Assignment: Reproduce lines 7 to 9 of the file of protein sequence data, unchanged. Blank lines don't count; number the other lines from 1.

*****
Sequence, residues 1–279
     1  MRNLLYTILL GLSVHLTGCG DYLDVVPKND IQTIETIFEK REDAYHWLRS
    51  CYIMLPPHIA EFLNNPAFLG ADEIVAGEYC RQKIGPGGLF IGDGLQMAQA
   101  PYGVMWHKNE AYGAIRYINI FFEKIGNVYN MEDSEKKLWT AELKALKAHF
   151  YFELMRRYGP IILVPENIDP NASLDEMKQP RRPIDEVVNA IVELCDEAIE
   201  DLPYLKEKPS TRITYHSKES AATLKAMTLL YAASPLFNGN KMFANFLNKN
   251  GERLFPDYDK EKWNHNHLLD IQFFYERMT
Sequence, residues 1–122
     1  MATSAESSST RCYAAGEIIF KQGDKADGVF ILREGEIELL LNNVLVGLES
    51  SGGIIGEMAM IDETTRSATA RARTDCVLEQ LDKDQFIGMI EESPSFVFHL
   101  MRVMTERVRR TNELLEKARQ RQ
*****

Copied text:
   251  GERLFPDYDK EKWNHNHLLD IQFFYERMT
Sequence, residues 1–122
     1  MATSAESSST RCYAAGEIIF KQGDKADGVF ILREGEIELL LNNVLVGLES